October 7, 1984. Reagan was right. I have to tell you that when Barack Obama was campaigning for President in 2008, he told the AARP on September 6, 2008, that:
John McCain's campaign has suggested that the best answer for the growing pressures on Social Security might be to cut cost of living adjustments or raise the retirement age. Let me be clear. I will do neither.
September 6, 2008, Barack Obama. One of the astounding things about Congress and the inside-the-beltway mentality is how out of touch it is with what the American people are thinking and what the American people are believing. Yesterday there was a poll in the Washington Post. I ask unanimous consent that that poll be printed at the conclusion of my remarks.
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MR. SANDERS. What that poll said--I hope my colleagues are listening--this is yesterday in the Washington Post, and this is absolutely consistent with every other poll I have seen--60 percent of the American people believe it would be unacceptable to change the way Social Security benefits are calculated so that benefits increase at a slower rate than they do now in order to strike a budget deal. Only 34 percent would find this acceptable. Sixty percent of the American people believe it would be unacceptable to raise the age of Medicare eligibility, 68 percent of the American people believe it would be unacceptable to cut spending on Medicaid. But 74 percent of the American people said in this poll that they would accept raising taxes on Americans with incomes of over $250,000 a year. This is consistent with every other poll that is out there. The American people are saying: Wait a minute. The middle class, the working class is hurting. Do not cut Social Security, Medicare, Medicaid. That is what they said yesterday in the poll.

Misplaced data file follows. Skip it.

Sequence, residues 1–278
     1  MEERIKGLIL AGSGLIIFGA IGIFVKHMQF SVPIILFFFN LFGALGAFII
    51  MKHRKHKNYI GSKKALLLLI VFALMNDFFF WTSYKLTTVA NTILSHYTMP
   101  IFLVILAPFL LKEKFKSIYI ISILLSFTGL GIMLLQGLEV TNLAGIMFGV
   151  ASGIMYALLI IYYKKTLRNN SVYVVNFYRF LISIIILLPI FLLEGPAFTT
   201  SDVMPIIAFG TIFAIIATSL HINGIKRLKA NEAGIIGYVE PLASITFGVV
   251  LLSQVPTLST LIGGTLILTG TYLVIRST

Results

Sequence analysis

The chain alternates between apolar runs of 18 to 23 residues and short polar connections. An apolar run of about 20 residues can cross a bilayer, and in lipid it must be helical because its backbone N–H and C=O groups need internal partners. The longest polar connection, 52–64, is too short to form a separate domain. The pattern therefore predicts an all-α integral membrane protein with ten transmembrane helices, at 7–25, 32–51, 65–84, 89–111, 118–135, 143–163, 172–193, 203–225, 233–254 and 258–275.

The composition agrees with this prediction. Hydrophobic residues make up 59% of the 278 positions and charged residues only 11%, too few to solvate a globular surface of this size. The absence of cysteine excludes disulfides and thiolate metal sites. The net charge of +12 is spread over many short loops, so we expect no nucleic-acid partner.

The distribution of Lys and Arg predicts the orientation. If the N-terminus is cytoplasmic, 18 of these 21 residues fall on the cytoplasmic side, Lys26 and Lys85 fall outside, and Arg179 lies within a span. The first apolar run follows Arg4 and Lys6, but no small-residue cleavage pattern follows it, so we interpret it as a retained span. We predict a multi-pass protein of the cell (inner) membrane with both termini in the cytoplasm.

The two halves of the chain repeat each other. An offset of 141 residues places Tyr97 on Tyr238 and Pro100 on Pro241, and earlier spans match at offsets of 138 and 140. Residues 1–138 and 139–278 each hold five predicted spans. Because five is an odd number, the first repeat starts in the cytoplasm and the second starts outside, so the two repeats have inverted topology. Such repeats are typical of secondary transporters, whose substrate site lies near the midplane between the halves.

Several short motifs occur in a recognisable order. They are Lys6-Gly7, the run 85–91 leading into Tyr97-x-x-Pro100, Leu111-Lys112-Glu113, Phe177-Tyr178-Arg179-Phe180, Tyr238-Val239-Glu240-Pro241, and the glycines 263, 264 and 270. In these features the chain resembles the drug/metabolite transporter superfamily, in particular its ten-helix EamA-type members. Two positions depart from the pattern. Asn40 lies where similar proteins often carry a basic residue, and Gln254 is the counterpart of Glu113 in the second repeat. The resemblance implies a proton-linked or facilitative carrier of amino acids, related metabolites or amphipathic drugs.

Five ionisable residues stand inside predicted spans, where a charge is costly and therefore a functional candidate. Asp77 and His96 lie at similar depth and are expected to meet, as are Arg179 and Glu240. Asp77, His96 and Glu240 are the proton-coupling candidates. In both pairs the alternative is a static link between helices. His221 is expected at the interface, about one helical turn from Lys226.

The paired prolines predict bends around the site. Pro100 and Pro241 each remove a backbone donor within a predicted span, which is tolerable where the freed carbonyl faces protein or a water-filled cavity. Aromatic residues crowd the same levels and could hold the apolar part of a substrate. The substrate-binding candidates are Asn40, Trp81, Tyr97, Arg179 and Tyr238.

What they also said, at a time when the rich are getting richer, yes, they should be asked to contribute more in taxes. I mentioned earlier that to the best of my knowledge, every single veterans organization has made it clear that they are strongly opposed to the so-called chained CPI, which would cut benefits for disabled vets.
The AARP and the every other seniors organization, including the groups to protect Social Security, the National Committee to Protect Social Security and Medicare, and others are saying do not cut Social Security benefits. The AFL-CIO has been very vigorous in protecting working families and saying do not cut Social Security, do not cut Medicare, do not cut Medicaid.